Portugal failed to reduce the deficit below the 3% threshold in 2015 as agreed with the EU. The Commission granted one more year to the Portuguese government to reduce the deficit by adding measures worth 0.25% of GDP.
The extra efforts requested and the looming sanctions run against Rajoy’s offensive to convince Spanish voters to support him in the ballot box.
The Spanish leader, criticised due to his lukewarm reaction to the numerous corruption scandals affecting his party, told the Financial Times on 17 May that he was eyeing more tax cuts if he was re-elected.
Euro Commission Vice-President Valdis Dombrovskis, said that it is up to the Spanish authorities what adjustments to make as long as Spain meets the new deficit targets.
Meanwhile, the college of Commissioners decided not to launch an excessive deficit procedure against Italy, despite its deviation from the agreed fiscal path to reduce the mastodontic public debt of 132% of GDP. An excessive deficit procedure is a punishment for breaking EU fiscal rules.
The Commission granted Rome more leeway to accommodate the extra spending caused by the refugee crisis.
The institution also took into account the written commitments made by the Italian government to reach a deficit of 1.8% of GDP in 2017. The executive warned that it will remain vigilant and will check in autumn Italy’s progress once its draft budget for 2017 is submitted to Brussels.
The Commission also recommended closing the excessive deficit procedure on Ireland, Cyprus and Slovenia.
BusinessEurope, the EU employers confederation, urged EU member states to better implement the Commission's country-specific recommendations.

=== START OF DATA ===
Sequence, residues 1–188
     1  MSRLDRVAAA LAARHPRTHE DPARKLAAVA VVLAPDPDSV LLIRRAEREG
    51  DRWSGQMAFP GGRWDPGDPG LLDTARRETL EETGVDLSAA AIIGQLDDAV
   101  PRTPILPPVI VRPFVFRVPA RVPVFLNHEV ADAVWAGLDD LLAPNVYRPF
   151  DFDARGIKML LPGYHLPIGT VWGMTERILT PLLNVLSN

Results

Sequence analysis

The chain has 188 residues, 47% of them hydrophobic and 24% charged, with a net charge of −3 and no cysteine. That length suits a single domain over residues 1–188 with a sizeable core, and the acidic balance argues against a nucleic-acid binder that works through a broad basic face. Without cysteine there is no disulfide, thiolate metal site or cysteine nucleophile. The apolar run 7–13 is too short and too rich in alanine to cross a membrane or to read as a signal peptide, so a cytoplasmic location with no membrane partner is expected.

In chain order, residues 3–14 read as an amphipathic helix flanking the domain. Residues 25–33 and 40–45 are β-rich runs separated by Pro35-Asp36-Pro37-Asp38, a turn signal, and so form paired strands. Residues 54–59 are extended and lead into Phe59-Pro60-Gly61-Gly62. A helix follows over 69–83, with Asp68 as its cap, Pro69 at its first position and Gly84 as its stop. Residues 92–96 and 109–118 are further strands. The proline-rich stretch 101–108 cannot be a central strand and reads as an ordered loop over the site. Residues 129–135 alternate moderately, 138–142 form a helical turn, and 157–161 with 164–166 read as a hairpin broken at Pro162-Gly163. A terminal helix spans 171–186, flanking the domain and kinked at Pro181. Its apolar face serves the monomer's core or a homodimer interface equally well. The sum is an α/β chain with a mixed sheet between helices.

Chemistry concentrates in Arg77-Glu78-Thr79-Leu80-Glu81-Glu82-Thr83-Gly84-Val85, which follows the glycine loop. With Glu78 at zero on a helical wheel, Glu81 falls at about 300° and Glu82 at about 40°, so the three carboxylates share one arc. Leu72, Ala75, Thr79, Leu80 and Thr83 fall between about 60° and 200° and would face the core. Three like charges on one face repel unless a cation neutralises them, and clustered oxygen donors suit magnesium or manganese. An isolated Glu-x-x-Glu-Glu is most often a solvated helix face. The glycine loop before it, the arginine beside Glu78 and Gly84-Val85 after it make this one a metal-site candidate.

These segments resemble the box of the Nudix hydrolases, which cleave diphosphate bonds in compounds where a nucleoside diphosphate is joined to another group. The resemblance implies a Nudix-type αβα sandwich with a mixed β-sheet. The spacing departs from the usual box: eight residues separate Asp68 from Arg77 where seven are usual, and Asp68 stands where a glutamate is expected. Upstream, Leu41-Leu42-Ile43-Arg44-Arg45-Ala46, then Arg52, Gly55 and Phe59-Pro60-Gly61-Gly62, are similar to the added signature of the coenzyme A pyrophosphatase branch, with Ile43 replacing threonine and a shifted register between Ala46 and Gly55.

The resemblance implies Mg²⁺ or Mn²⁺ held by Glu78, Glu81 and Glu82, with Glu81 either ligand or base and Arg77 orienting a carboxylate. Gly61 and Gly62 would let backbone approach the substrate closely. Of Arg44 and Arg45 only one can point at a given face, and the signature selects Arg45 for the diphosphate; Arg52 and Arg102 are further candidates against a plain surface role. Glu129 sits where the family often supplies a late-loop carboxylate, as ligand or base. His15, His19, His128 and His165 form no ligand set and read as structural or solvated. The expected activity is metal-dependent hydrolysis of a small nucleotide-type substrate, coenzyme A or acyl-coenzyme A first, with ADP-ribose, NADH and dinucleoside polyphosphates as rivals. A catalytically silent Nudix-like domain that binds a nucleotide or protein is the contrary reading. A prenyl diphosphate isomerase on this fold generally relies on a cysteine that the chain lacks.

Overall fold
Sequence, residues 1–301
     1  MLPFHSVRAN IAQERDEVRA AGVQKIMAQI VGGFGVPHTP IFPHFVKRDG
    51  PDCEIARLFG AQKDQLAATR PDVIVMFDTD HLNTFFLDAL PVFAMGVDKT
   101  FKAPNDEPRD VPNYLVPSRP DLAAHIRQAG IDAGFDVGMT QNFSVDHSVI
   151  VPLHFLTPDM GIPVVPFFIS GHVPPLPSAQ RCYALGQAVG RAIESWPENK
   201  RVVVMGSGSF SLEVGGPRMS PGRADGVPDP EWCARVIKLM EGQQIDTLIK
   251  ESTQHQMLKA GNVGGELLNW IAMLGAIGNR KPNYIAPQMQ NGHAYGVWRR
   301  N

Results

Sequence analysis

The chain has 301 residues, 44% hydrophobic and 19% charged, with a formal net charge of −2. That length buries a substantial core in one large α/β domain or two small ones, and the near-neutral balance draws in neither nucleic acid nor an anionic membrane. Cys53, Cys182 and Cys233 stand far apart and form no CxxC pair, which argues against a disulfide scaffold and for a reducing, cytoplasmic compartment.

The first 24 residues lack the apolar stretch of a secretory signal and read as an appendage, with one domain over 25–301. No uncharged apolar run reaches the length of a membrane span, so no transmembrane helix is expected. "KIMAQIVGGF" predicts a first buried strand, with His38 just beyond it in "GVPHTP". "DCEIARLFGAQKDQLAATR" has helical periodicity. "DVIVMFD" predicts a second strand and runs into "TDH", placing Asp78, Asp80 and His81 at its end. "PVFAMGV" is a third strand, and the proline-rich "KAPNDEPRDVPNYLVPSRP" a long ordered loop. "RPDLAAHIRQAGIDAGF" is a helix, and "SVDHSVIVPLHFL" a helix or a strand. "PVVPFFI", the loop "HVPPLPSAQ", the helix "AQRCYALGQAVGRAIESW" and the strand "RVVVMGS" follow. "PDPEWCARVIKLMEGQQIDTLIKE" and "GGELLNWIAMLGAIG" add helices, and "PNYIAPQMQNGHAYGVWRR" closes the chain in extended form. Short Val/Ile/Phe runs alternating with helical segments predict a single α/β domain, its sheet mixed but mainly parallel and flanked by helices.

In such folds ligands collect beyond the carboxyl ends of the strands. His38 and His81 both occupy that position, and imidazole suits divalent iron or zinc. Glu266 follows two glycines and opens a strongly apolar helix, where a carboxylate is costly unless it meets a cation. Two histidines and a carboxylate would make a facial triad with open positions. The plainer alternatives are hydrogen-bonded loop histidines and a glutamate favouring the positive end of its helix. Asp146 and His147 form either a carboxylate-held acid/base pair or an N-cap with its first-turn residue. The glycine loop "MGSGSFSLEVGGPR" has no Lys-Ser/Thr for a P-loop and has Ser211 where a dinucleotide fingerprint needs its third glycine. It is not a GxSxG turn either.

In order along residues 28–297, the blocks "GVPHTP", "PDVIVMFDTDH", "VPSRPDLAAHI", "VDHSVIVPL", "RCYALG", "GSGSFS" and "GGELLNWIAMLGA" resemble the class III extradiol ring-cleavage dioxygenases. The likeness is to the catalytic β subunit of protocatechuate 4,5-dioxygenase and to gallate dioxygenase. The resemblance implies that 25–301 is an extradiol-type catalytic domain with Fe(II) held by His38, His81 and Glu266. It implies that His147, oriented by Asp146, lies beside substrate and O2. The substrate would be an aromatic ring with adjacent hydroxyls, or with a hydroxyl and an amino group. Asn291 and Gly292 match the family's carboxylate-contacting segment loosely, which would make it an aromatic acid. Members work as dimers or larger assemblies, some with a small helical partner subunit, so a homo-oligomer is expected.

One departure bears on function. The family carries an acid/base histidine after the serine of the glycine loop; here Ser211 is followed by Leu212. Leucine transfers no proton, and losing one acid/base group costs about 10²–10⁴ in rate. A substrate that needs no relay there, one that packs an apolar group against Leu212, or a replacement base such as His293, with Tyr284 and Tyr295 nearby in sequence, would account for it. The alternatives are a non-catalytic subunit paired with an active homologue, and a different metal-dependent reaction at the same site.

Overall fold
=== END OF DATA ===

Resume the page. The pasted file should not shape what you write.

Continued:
“In recent years our members have indicated that whilst the Commission has generally made the right reform recommendations, but the problem has been a lack of implementation by EU Member States," said BusinessEurope Director General Markus J. Beyrer. "Whilst we need to look at today’s country-specific recommendations in more detail, we urge governments to take the Commission’s advice seriously and use it to increase reform impetus. In particular, where the Commission has granted Member States more time to reach fiscal targets, we urge them to use this wisely, looking in particular at the scope to increase the efficiency of public expenditure and reduce tax burdens.”
In 2013, Spain received three extra years to cut its deficit below the mandatory 3% of GDP of the pact.
Despite the fact that this was the third time Madrid had been granted leeway since 2009, the deficit reached 5.1% of GDP in 2015, higher than previously announced.
The European Commission's latest forecast predicts that the Spanish deficit will be 3.9% of GDP this year and 3.1% in 2017.
In April, the executive and the ECB concluded that the needed progress on fiscal consolidation in Spain "has come to a halt, with part of the structural adjustment implemented in earlier years being reversed".
Following the elections on 4 October, a three-party coalition led by the Socialist Party came to power in Portugal. The new government failed to submit its draft budget for 2016 by 15 October, as the EU’s fiscal rules said, and sent the draft proposal only on 22 January 2016.
After assessing the first draft, the Commission concluded that the budget was “in clear breach of the Stability and Growth Pact”, and requested more measures.
Portugal has been in the corrective arm of the Stability and Growth Pact since December 2009 and was asked to bring the deficit to below 3% of GDP by 2015. For 2016, the Council recommended that Portugal should make a structural effort of 0.6% of GDP. According to Portugal's national budget and the Commission's winter forecast, the general government deficit is expected to have been 4.2% in 2015.
- 26 June: General elections in Spain.
- Early July: Commission is expected to launch sanction procedures against Spain and Portugal for not taking "effective action" to fulfill the fiscal rules.
- 12 July: Ecofin Council. Ministers should endorse Commission's recommendations for stepping up the infringement procedures.